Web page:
Throughout the ages, human kind has been afflicted with countless medical illnesses and, as a result, the world’s brightest minds have progressively devised eloquent, ingenious, and ground-breaking medicinal approaches to counter these diseases and prolong life.
Procedures and treatments like chemotherapy, bone marrow transplants, blood transfusions, heart bypass surgery and stem cell therapy are the fruits of medical science and are advancing all the time. They, and many more, are put into the category of orthodox medicine because they are tried and tested – unlike alternative medicines.
The Merriam-Webster dictionary defines alternative medicine as “any of various systems of healing or treating disease not included in the traditional medical curricula of the United States and Britain” because they are not proven to work, nor are they backed by rigorous scientific research – as orthodox medicines, allopathic medicines, or scientific medicines are.
Alternative medicine comes in many shapes and sizes. Homeopathy, acupuncture, faith healing, naturopathy and crystal healing are all forms of alternative medicine that are practiced to ‘cure’ things from cancer to depression.
In some cases, alternative medicines have shown to be effective because of the ‘Placebo Effect’- a phenomenon where the patient improves because of the patient’s belief in that treatment. This does not mean that the alternative treatment has worked (because alternative treatments that are proven to work become scientific medicine); it simply demonstrates the influence our minds can have over our bodies.
A popular alternative medicine, acupuncture stems from ancient Chinese philosophy. The Chinese believed in the concept of qi (or chi), that refers to vital life energy that flows through channels called meridians. They believed that when meridians became blocked, disease and many other ailments could present themselves as a result. By stimulating acupuncture points, they believed vital energy flow would return to normal thus curing a patient of ailments.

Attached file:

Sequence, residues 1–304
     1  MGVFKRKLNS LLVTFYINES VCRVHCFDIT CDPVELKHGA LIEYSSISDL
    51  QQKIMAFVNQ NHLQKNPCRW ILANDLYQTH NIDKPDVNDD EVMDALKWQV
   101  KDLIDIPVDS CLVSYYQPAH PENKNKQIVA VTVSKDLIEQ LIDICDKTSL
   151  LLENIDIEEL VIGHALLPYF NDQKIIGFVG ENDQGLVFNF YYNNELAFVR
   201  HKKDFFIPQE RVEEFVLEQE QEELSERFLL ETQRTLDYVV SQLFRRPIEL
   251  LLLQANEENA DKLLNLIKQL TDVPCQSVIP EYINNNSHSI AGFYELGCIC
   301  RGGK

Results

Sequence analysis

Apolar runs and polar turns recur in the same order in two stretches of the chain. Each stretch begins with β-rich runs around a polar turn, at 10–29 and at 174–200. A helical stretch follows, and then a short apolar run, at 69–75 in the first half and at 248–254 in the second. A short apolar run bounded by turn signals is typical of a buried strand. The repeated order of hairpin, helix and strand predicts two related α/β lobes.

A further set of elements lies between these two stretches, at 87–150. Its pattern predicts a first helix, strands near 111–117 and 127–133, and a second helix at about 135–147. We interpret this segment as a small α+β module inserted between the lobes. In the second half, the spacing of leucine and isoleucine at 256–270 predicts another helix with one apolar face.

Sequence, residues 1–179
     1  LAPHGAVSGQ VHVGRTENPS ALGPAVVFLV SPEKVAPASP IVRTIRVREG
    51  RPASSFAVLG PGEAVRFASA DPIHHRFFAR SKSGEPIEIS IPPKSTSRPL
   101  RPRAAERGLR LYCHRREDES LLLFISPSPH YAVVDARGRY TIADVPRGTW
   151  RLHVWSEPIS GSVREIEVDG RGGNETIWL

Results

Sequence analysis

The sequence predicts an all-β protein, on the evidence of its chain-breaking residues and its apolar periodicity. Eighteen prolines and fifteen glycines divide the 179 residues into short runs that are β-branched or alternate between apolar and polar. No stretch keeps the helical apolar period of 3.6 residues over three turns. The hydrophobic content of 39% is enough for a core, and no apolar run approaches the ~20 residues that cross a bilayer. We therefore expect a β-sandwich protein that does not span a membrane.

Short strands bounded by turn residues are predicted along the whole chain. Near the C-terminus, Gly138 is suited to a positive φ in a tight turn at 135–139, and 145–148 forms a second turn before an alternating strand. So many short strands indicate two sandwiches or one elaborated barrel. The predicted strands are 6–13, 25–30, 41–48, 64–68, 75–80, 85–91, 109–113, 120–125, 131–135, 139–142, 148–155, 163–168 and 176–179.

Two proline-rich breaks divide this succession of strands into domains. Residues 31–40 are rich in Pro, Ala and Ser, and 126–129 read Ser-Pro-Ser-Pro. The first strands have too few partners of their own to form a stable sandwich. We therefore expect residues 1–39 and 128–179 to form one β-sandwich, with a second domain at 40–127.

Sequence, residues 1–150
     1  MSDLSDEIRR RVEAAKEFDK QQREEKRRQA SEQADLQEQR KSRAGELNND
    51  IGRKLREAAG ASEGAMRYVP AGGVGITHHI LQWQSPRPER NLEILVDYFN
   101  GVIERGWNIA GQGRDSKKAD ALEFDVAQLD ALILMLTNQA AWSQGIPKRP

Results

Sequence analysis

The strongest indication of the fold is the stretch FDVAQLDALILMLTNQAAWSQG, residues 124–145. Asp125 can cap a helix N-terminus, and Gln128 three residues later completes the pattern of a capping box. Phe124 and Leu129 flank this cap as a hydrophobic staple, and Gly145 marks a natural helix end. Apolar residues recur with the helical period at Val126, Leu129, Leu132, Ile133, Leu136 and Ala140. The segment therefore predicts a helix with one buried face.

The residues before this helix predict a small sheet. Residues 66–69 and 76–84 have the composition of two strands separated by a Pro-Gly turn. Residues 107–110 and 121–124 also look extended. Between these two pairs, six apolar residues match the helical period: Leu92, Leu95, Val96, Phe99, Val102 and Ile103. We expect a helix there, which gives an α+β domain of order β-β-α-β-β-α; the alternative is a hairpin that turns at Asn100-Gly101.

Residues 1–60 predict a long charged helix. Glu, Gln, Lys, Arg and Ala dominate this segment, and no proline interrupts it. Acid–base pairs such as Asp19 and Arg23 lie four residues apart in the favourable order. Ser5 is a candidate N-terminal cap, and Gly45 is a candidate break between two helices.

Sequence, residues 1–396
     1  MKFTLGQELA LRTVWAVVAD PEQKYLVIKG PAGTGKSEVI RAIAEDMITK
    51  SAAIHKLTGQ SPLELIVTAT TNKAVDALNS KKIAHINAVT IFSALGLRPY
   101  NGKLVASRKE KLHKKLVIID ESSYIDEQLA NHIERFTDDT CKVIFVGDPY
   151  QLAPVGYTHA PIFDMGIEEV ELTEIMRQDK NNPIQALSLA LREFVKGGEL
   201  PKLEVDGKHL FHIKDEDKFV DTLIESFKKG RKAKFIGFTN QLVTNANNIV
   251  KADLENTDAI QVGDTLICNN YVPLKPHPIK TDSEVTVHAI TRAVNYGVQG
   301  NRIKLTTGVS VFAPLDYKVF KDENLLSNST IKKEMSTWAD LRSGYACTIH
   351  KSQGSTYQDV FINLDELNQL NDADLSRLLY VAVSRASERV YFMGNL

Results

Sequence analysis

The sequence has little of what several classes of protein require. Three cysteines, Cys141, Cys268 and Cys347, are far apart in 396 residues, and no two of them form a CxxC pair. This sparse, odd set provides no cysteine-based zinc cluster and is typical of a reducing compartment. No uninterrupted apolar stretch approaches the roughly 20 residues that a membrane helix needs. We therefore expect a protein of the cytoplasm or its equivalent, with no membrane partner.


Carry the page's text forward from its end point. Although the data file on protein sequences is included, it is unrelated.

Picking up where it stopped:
Although acupuncture has been practiced for centuries, this does not make it any more valid or effective when compared to medical science. A recent peer reviewed study published in the journal ‘Cancer’ followed 47 women being treated for breast cancer with a medication that caused menopausal-like side effects. Twenty-three of the women received eight weeks of acupuncture whilst the remainder received “sham acupuncture” in which needles were placed randomly on the skin and not actually inserted. As a result, all of the patients reported an improvement in side effects. This highlights the placebo effect.
Crystal healing employs the use of crystals and stones as healing tools. The stones and/or crystals are placed on or around the body in a bid to surround the patient with healing energy. The sensations of tingling, warmth, and well-being are not so much that of healing as they are the power of suggestion (placebo effect). This is supported by the study of Dr Christopher French, who tested the effects of crystals on 80 volunteers. Half were give a genuine New Age crystal and half were unknowingly given a plastic fake but all bar six reported the benefits – this emulates the power of suggestion i.e. placebo effect.
A more extreme form of alternative treatment, faith healing is a method of healing through spiritual means. People who practice this treatment believe that through prayer, rituals, or just faith, a person can have their health restored through divine intervention. Faith healing can actually be a very dangerous practice as made evident by a 16-year-old American boy, who died after refusing to seek medical help for an easily treatable urinary tract infection, believing that prayer and faith would heal him.
All in all, people are entitled to approach treatments for diseases in any way they see fit but should always opt for orthodox medical treatments – especially when children are involved – because they’re proven to work and are embedded in evidence. The advancement of medical science is the reason why the average age expectancy continues to rise and will continue to do so as long as it’s being practiced.